- Some artworks may be designed to have a temporary life span. At the end of this agreed life span the artwork should be decommissioned in line with the decommissioning plan, which should be developed at the outset of the project. In some instances it may be appropriate to extend the life of the artwork or move and install it in a different context.
- When approaching this you should consider -
- Is the artwork in good condition, does it need any repair or maintenance?
- Have you consulted with the artist about your plans and are they in agreement to extend the life of the work? Do you have the budget to pay them for any time associated with repairing, moving or recontextualising the work. Also remember the artists and commissioners rights over the work (see Section g regarding copyright and ownership of the work)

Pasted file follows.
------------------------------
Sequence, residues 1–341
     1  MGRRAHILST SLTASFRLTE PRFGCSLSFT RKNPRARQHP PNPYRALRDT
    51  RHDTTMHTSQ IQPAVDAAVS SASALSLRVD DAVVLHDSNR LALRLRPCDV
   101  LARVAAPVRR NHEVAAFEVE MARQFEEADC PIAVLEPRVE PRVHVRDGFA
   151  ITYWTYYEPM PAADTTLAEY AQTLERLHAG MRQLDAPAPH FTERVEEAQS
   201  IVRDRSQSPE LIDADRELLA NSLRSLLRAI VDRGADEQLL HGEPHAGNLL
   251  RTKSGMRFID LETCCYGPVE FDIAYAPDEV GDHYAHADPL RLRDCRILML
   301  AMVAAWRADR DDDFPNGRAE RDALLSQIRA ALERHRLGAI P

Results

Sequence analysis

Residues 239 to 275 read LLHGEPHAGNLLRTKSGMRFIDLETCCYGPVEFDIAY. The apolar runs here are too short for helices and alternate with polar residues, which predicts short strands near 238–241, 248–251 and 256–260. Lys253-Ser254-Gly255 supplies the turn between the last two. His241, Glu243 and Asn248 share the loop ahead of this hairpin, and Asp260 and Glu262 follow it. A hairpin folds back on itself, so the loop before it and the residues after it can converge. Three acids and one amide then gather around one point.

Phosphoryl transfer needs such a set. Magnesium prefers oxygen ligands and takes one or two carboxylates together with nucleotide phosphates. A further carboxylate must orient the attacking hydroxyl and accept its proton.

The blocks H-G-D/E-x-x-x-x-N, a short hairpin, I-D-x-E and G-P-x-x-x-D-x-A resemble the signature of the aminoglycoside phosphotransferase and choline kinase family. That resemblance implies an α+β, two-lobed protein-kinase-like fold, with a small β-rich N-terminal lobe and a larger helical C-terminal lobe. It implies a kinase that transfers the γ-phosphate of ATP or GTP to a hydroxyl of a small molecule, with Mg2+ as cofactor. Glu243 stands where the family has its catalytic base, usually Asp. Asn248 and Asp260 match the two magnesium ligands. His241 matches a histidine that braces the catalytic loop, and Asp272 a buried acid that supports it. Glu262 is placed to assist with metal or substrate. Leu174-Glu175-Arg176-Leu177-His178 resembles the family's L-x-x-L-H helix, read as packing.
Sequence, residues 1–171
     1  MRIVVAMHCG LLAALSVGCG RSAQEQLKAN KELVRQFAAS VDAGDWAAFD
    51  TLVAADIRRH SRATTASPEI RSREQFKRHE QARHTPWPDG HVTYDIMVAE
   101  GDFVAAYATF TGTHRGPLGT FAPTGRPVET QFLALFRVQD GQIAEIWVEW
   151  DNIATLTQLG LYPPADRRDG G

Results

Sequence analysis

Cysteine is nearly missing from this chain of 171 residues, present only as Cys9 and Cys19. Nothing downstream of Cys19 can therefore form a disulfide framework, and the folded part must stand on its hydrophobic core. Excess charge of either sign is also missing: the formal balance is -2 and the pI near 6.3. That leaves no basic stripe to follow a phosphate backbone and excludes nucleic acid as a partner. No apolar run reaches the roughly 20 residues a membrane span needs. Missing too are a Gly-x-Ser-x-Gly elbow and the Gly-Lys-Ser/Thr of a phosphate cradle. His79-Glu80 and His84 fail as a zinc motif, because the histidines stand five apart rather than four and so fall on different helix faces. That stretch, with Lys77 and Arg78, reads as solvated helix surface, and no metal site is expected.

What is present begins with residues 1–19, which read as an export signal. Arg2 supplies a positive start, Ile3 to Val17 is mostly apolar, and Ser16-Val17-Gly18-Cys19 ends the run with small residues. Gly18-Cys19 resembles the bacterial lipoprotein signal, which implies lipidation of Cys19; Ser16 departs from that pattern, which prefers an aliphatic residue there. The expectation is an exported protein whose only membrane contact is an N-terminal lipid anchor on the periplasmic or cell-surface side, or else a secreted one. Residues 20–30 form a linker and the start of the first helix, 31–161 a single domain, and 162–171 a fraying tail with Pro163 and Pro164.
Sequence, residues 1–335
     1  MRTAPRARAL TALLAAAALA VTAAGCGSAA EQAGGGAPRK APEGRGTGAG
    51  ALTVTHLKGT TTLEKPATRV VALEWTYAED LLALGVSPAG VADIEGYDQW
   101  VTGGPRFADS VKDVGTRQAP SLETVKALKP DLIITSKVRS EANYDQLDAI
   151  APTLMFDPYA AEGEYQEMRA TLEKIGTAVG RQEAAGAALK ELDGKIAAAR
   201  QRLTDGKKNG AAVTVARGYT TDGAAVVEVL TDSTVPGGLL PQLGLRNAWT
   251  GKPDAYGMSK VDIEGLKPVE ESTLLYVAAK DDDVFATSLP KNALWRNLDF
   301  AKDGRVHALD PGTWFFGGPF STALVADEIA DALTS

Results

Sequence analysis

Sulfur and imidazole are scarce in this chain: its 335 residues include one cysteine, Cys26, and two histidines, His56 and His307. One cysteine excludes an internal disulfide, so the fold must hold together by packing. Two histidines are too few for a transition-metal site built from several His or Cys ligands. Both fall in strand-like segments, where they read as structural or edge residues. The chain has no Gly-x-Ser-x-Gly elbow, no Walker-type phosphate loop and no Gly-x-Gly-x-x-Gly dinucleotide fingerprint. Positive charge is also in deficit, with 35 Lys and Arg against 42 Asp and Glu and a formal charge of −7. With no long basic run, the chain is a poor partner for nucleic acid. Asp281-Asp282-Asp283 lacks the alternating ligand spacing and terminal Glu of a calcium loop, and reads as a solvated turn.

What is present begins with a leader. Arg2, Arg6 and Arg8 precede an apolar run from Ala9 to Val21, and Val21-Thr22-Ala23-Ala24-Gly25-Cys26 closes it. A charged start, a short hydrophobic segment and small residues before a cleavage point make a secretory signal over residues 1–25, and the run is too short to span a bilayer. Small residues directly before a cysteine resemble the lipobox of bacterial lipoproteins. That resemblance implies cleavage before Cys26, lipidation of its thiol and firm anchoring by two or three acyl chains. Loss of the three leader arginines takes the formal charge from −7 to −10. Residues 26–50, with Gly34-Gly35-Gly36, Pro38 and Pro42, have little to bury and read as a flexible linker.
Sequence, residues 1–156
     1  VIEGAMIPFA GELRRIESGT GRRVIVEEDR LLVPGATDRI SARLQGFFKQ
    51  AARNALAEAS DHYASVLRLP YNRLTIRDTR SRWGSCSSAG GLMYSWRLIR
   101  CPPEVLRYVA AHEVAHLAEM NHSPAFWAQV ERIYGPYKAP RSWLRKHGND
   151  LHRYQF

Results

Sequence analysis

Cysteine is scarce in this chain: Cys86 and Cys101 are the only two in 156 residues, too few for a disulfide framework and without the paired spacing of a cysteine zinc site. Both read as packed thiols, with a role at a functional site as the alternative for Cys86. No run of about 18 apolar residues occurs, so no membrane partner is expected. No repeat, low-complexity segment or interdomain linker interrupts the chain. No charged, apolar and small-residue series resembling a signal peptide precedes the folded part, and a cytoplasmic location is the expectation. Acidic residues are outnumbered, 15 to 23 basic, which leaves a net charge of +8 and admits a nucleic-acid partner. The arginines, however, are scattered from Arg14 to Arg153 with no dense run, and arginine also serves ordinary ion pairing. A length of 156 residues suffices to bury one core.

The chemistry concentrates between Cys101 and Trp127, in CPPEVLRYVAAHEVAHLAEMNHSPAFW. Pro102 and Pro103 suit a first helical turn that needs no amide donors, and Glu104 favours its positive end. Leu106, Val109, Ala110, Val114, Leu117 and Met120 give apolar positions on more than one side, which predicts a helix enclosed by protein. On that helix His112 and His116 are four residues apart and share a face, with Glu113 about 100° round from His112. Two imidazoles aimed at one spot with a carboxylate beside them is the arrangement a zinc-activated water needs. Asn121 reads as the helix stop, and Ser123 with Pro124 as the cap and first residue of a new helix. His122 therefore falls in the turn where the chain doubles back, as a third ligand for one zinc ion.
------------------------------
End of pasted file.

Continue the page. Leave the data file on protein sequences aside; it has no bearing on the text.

- Was the artwork created for a specific context or site? Would it make sense if it was located at another site?
- Remember that there is nothing wrong with an artwork having a temporary lifespan - temporary projects can surprise and delight, creating a powerful impact on audiences living on in their memory. Make sure temporary projects are well documented and shared to ensure legacy. Temporary projects can also play an important role in testing out ideas which may form the basis for more permanent commissions.